Everyone knows Santa Claus as jolly old, St. Nick. Every Christmas, he is celebrated all throughout the world. Many movies have starred Santa Claus, from Miracle at 34st to Tim Allen’s Santa Clause movies. But how did Santa Claus become the phenomenon that he is today? I don’t want to burst anyone’s bubble, but it’s with MARKETING!
The American image of Santa Claus was first created by illustrator Thomas Nast, who depicted a stout Santa for Christmas issues of Harper’s magazine from the 1860s to the 1880s. It was still not part of American culture until the world’s biggest brand came along and decided to market Santa. Starting in 1931, magazine ads for Coca-Cola — that’s right Coca-Cola (the world’s most recognized brand) featured St. Nick as a kind, jolly man in a red suit. D’Arcy Advertising Agency worked with The Coca-Cola Company on a campaign to show the wholesome Santa as both realistic and symbolic. Illustrator Haddon Sundblom painted a plump old man with a white beard, wearing a red and white outfit.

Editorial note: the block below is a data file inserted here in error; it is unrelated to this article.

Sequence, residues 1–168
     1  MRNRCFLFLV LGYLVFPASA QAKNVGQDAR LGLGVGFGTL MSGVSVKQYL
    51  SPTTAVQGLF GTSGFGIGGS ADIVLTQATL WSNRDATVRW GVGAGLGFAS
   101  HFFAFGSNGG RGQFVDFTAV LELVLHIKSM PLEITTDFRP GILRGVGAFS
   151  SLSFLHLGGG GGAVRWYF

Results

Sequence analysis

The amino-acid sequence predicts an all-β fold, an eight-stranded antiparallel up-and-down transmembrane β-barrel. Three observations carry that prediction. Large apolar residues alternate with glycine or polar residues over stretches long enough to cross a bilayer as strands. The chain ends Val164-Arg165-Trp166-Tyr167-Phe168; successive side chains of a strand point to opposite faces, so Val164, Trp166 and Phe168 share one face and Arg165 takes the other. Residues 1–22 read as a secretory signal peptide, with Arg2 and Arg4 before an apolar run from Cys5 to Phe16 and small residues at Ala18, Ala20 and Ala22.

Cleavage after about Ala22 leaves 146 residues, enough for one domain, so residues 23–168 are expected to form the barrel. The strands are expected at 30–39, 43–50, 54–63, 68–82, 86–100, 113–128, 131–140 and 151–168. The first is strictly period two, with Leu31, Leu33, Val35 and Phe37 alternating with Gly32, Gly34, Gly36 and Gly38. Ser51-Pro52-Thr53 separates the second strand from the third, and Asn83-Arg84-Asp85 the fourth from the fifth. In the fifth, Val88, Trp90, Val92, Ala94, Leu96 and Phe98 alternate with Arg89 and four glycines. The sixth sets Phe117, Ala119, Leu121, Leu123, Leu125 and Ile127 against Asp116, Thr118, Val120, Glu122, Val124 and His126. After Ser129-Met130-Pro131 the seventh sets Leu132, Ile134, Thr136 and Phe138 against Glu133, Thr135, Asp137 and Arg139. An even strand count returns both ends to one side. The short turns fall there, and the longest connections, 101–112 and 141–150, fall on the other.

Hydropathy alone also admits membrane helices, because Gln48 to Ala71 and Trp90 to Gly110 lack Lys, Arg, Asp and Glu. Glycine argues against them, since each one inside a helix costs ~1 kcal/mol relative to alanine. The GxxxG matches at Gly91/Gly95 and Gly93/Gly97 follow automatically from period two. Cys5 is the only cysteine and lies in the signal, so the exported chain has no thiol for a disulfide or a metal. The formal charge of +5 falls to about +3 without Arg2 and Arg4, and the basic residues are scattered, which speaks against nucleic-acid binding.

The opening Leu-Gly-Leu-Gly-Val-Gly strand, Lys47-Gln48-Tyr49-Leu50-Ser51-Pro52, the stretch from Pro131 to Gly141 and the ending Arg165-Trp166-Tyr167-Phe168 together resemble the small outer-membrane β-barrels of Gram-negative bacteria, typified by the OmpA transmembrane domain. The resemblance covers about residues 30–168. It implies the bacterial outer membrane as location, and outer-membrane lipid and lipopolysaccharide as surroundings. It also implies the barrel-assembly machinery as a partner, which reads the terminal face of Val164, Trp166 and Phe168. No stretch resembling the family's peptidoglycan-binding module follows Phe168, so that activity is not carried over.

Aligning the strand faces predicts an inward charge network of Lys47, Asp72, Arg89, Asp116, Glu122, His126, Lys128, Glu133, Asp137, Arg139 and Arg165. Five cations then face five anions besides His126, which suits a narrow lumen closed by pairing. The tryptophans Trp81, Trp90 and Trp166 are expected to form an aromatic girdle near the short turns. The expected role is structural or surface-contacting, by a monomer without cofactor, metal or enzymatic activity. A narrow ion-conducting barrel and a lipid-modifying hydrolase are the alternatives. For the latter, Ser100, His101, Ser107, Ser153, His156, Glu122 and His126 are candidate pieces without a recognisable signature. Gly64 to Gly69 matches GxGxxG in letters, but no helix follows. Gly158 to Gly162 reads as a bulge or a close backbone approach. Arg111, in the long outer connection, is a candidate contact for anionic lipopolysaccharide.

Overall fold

The Coca-Cola Santa made its debut in 1931 in The Saturday Evening Post and appeared regularly in that magazine, as well as Ladies Home Journal, National Geographic, The New Yorker and others. Coca-Colaadvertising showed Santa delivering and playing with toys, pausing to read a letter and enjoy a Coke, playing with children who stayed up to greet him and raiding the refrigerators at a number of homes.
Because magazines were so widely viewed, and because this image of Santa appeared for more than three decades, the image of Santa most people have today is largely based on Coca-Cola’sadvertising. The red and white Coca-Cola colors worked seamlessly into the Santa campaign.
In short, to answer everyone’s question “Yes, I believe in Santa Claus.”
(for more information please visit the Coca-Cola website)